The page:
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The 8 Building Blocks of a Good Business Wardrobe

 

Last month I discussed interview attire. Because you followed my advice and dressed properly for the interview, you got the job.  

 

Now it’s time to build a business wardrobe. The biggest and best bit of advice I can give is this-

 

Don’t dress for the job you have; dress for the job you want. Use your wardrobe as a tool as you move along your chosen path and the corporate ladder.

 

For the purposes of simplicity I will assume you work in a “business professional” environment. You need to wear a coat and tie, perhaps even a suit, to work every day

 

First, consider your work environment and company culture. What do you see you new colleagues wearing? Do most wear button down shirts and two button suits? Or do you see more 3 button suits and point collar shirts? Whatever is worn most at your office is what you need to purchase. You want to fit in, not stand out. At least not yet.

 

You already have the following items based on the advice I gave you in the interview article:

 

  1. A solid navy or charcoal gray suit
  2. A good quality white shirt
  3. A good pair of shoes and matching belt
  4. A quality pair of socks- solid color or with a subdued pattern

 

I recommend the following additional items:

 

  1. A second suit- either navy or charcoal, whichever one you didn’t purchase for your interview. NO pinstripes- solid colors. This may seem a bit bland, but it is best when you’re the newbie and lowest on the totem pole. If you must have some variety, purchase a textured fabric. Buy both suits in the fabric you will use most and depending on when you get the job. For example, if you live in New York and start June 1st, buy 1 tropical weight, and 1 medium weight. If you live in Texas, buy both in tropical weights.
  2. A navy blazer and 2 pairs of trousers- 1 khaki/tan and one charcoal gray. Navy blazers are perfectly acceptable attire in most offices, and add versatility to your wardrobe as well. They work well for evening dinner parties and get-togethers at the boss’s club.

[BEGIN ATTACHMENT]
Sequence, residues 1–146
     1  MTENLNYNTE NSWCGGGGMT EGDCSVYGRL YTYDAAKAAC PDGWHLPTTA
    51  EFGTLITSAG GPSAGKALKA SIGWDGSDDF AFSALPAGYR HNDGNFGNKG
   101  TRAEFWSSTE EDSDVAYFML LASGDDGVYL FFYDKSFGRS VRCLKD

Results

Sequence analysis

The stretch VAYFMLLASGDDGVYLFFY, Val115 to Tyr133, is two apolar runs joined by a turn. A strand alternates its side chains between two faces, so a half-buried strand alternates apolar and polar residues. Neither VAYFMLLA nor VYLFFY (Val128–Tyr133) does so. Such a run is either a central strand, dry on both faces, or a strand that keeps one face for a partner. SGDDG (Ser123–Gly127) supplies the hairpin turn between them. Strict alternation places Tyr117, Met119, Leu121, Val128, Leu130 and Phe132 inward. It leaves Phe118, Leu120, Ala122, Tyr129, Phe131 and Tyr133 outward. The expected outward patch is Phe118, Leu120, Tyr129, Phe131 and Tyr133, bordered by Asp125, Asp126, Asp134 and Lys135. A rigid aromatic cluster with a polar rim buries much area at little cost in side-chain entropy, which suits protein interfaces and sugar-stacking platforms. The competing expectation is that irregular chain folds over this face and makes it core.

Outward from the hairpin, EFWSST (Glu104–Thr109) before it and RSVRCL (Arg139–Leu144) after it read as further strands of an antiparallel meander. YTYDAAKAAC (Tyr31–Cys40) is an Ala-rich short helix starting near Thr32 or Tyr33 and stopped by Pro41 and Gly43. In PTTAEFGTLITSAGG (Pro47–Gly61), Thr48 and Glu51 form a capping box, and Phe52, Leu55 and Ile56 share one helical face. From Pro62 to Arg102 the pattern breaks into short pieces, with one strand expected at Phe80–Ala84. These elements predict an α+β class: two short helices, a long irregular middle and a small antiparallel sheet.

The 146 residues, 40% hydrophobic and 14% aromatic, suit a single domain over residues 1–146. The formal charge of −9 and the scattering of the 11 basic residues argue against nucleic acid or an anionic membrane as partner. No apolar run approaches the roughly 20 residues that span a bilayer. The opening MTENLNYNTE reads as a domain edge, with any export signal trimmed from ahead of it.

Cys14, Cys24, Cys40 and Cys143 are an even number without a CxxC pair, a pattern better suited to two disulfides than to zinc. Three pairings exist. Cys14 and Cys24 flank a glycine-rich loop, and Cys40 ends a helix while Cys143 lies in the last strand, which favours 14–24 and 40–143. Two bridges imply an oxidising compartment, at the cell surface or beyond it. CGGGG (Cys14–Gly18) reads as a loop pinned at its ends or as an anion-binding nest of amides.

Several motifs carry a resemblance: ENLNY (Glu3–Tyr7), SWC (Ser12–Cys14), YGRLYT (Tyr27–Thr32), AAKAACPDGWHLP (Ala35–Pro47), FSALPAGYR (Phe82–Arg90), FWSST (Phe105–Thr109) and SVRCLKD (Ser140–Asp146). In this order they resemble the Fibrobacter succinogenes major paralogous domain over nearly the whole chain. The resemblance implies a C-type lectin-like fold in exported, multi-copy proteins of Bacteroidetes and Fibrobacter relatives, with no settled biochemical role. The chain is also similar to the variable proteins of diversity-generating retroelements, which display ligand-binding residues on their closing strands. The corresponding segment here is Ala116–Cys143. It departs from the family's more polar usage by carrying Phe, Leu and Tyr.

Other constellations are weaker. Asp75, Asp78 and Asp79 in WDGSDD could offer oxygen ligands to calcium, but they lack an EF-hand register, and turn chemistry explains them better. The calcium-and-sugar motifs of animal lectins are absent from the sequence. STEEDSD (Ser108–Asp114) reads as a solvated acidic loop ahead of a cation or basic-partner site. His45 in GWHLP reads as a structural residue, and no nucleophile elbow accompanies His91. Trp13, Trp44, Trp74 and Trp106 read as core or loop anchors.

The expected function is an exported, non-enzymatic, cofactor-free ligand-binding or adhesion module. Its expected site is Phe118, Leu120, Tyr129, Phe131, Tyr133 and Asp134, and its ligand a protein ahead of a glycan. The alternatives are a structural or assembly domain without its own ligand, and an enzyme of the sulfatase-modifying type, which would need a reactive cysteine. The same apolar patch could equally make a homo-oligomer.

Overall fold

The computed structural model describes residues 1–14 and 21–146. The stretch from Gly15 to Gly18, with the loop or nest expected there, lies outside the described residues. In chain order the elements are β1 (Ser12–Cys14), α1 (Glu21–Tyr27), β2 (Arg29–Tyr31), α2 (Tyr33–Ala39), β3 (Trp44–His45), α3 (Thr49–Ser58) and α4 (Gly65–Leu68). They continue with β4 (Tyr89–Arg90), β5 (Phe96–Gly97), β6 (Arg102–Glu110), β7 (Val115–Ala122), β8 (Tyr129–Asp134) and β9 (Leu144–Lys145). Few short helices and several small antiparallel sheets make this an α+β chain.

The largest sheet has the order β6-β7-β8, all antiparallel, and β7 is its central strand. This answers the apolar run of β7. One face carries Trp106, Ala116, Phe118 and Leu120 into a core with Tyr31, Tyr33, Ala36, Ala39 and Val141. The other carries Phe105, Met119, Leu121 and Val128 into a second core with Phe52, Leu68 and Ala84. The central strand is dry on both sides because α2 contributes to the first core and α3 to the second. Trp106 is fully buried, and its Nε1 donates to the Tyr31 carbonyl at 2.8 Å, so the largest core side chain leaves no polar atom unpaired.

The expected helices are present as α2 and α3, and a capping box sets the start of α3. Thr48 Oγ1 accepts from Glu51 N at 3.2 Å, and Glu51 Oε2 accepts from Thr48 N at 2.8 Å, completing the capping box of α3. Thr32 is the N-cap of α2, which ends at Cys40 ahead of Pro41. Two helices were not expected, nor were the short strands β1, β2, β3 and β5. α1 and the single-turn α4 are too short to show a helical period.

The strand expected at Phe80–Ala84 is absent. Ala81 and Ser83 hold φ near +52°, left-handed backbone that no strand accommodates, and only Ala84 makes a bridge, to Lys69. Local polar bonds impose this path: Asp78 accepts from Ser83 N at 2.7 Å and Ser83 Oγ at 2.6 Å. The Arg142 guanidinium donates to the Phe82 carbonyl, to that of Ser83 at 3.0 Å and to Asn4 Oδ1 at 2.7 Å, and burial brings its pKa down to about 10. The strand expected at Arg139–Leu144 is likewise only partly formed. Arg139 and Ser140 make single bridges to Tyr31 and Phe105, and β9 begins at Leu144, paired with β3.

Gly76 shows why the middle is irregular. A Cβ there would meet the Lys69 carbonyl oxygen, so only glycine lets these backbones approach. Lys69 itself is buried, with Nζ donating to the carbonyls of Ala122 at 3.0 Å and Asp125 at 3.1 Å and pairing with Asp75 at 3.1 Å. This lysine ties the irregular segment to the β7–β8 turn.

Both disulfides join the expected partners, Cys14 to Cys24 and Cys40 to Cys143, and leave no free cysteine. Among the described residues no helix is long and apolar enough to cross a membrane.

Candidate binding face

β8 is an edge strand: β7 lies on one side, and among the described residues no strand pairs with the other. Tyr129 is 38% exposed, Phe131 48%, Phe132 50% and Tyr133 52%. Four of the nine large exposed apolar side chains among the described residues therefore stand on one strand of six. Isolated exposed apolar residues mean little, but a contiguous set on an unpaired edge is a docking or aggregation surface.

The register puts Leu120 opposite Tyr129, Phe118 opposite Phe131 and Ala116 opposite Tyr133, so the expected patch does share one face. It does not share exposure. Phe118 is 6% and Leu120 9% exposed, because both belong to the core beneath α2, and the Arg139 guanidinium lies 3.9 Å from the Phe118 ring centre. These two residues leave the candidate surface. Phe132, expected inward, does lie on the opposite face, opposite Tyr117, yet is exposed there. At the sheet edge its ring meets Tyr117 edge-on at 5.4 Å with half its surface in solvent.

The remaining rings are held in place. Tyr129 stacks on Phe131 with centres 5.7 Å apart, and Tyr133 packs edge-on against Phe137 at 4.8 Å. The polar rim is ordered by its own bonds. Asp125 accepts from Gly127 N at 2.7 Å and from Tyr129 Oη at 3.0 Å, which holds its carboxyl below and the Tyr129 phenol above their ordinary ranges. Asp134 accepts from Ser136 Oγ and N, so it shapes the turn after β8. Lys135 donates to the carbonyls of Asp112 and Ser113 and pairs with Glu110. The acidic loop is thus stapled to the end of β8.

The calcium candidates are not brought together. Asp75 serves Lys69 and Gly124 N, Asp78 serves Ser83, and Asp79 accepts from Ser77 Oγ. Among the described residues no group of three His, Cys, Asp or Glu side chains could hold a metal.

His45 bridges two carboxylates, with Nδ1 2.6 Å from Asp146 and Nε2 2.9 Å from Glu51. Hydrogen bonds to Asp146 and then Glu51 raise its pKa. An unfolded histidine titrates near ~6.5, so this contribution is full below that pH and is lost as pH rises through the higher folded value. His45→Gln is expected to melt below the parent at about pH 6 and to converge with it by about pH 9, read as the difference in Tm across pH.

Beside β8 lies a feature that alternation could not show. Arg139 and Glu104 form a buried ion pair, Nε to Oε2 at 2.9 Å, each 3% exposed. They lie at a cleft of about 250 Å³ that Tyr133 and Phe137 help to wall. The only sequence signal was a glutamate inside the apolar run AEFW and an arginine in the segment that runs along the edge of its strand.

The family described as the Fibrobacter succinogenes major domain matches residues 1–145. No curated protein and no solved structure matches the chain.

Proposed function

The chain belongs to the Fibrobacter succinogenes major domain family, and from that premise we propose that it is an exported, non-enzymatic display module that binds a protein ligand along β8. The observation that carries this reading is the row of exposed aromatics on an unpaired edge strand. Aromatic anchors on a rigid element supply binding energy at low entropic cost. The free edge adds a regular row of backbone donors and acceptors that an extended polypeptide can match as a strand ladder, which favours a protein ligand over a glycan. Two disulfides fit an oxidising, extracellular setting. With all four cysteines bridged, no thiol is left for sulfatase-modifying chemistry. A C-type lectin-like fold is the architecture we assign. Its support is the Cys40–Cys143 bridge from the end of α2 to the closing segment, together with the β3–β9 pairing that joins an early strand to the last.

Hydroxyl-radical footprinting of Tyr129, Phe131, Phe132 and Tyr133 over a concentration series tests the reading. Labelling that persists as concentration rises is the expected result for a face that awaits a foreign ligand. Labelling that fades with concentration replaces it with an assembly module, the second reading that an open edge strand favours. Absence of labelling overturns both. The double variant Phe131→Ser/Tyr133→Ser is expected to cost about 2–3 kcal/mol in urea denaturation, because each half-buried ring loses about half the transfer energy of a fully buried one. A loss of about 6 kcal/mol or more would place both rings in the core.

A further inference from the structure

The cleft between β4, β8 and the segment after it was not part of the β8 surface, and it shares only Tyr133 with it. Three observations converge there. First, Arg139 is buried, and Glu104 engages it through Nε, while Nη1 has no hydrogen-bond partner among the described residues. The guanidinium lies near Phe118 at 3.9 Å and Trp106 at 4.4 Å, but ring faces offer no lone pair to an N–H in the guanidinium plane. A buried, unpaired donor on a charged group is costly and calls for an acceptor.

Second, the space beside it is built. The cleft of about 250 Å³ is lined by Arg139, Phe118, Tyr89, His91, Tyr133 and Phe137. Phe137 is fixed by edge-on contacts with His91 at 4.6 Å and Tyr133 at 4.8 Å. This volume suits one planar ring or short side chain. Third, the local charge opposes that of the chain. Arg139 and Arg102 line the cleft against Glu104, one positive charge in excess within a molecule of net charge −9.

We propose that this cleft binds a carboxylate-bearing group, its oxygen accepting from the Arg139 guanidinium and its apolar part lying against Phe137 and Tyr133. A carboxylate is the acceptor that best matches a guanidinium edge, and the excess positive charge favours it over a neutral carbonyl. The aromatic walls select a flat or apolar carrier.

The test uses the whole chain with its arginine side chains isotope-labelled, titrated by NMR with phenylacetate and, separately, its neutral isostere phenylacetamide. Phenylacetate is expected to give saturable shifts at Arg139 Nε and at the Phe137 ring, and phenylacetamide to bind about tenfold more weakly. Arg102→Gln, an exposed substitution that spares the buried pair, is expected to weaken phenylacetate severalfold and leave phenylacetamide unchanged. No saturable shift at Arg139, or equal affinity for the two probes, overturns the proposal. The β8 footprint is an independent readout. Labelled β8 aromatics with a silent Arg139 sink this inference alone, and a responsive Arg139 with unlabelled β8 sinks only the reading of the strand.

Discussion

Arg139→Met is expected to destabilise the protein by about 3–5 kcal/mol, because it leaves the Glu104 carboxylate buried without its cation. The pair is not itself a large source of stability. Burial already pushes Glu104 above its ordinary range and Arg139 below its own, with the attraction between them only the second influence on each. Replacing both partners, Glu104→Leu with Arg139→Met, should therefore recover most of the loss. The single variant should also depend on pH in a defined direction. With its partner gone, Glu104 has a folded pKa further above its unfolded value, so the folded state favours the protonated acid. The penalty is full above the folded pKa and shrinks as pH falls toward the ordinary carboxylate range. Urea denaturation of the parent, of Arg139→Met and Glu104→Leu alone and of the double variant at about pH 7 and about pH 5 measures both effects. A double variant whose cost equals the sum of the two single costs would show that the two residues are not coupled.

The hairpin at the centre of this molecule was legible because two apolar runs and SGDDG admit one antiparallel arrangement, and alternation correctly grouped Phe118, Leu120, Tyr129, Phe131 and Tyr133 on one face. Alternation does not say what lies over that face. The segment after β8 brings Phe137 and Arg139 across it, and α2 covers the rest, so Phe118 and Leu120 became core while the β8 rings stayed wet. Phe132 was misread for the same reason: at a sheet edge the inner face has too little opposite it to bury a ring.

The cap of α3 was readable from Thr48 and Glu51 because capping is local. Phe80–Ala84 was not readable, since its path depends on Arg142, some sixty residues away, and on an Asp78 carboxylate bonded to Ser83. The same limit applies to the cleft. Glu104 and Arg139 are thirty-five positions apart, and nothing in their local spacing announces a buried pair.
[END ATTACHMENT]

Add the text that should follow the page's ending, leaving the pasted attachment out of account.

3. 4 shirts- 2 medium “corporate” blue, 1 white and 1 conservative stripe. Match collars to your work environment. If everyone wears button downs buy button downs. If everyone wears point collars but the same. Stick with medium spread collars, and a point length suited to your face. The conservative stripe adds a little variety and also can be used in the less formal environments mentioned above, as can any button-down shirt.
  4. 1 pair of shoes- either dark brown or cordovan. If your business environment REQUIRES black, then buy a pair. But bear in mind that this color has fallen out of favor with the sartorial cognoscenti. You will not see an Italian man wear black shoes before 6 PM and rarely thereafter.
  5. 1 matching belt. Your belts need to match your shoes. Otherwise you look like a dork.
  6. 4 more pairs of similar socks. Match these closely to your trousers. Socks matched with shoes lend a “bootie” effect, and it’s been a long time since you were three years old.
  7. 4 additional ties. If you bought a small pattern or “neat” for your interview, purchase a couple of stripes and a couple more neats. Woven ties are considered higher quality and more conservative.
  8. A good quality trench coat to cover your clothes and protect your investment in the rain. Buy a coat with a zip-out liner that may also be used during the winter months. Obviously, it pays to have a good quality umbrella as well.

 

 

Clothing Care

 

The items recommended above give you a full week of business wear. You will need to wash your shirts and socks on the weekend. I personally have my trousers steamed or cleaned every three wearings, and my suit and sport coats cleaned at least once a season. I tend to sweat a lot, and often have them done more often. Many contend that dry cleaning solvents have a bad effect on the fiber of clothes, but my personal experience with good quality clothes has not borne this theory out.